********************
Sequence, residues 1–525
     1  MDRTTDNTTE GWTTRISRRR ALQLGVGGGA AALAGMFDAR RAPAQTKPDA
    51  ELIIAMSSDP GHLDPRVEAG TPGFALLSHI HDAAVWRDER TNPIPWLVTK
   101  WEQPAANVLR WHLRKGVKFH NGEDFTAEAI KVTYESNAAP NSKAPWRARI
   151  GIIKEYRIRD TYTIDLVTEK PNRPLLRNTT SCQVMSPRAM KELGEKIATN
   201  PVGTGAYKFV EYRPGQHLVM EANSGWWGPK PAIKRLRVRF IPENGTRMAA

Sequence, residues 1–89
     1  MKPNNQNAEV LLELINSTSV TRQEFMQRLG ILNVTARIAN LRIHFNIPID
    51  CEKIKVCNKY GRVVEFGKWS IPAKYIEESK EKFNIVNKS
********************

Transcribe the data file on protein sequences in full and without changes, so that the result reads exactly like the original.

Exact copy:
Sequence, residues 1–525
     1  MDRTTDNTTE GWTTRISRRR ALQLGVGGGA AALAGMFDAR RAPAQTKPDA
    51  ELIIAMSSDP GHLDPRVEAG TPGFALLSHI HDAAVWRDER TNPIPWLVTK
   101  WEQPAANVLR WHLRKGVKFH NGEDFTAEAI KVTYESNAAP NSKAPWRARI
   151  GIIKEYRIRD TYTIDLVTEK PNRPLLRNTT SCQVMSPRAM KELGEKIATN
   201  PVGTGAYKFV EYRPGQHLVM EANSGWWGPK PAIKRLRVRF IPENGTRMAA

Sequence, residues 1–89
     1  MKPNNQNAEV LLELINSTSV TRQEFMQRLG ILNVTARIAN LRIHFNIPID
    51  CEKIKVCNKY GRVVEFGKWS IPAKYIEESK EKFNIVNKS